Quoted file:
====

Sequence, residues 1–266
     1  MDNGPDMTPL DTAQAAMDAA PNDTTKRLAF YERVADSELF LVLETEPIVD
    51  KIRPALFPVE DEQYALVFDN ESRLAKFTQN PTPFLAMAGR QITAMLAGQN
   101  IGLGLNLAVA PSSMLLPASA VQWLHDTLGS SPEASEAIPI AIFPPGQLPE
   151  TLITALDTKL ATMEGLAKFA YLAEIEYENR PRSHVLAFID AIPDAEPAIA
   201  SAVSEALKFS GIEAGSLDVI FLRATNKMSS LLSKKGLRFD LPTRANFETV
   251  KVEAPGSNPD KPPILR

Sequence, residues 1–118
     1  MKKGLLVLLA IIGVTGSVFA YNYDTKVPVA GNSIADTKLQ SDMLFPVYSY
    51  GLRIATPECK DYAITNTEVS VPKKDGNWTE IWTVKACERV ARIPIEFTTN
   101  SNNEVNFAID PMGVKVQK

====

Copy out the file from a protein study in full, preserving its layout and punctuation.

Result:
Sequence, residues 1–266
     1  MDNGPDMTPL DTAQAAMDAA PNDTTKRLAF YERVADSELF LVLETEPIVD
    51  KIRPALFPVE DEQYALVFDN ESRLAKFTQN PTPFLAMAGR QITAMLAGQN
   101  IGLGLNLAVA PSSMLLPASA VQWLHDTLGS SPEASEAIPI AIFPPGQLPE
   151  TLITALDTKL ATMEGLAKFA YLAEIEYENR PRSHVLAFID AIPDAEPAIA
   201  SAVSEALKFS GIEAGSLDVI FLRATNKMSS LLSKKGLRFD LPTRANFETV
   251  KVEAPGSNPD KPPILR

Sequence, residues 1–118
     1  MKKGLLVLLA IIGVTGSVFA YNYDTKVPVA GNSIADTKLQ SDMLFPVYSY
    51  GLRIATPECK DYAITNTEVS VPKKDGNWTE IWTVKACERV ARIPIEFTTN
   101  SNNEVNFAID PMGVKVQK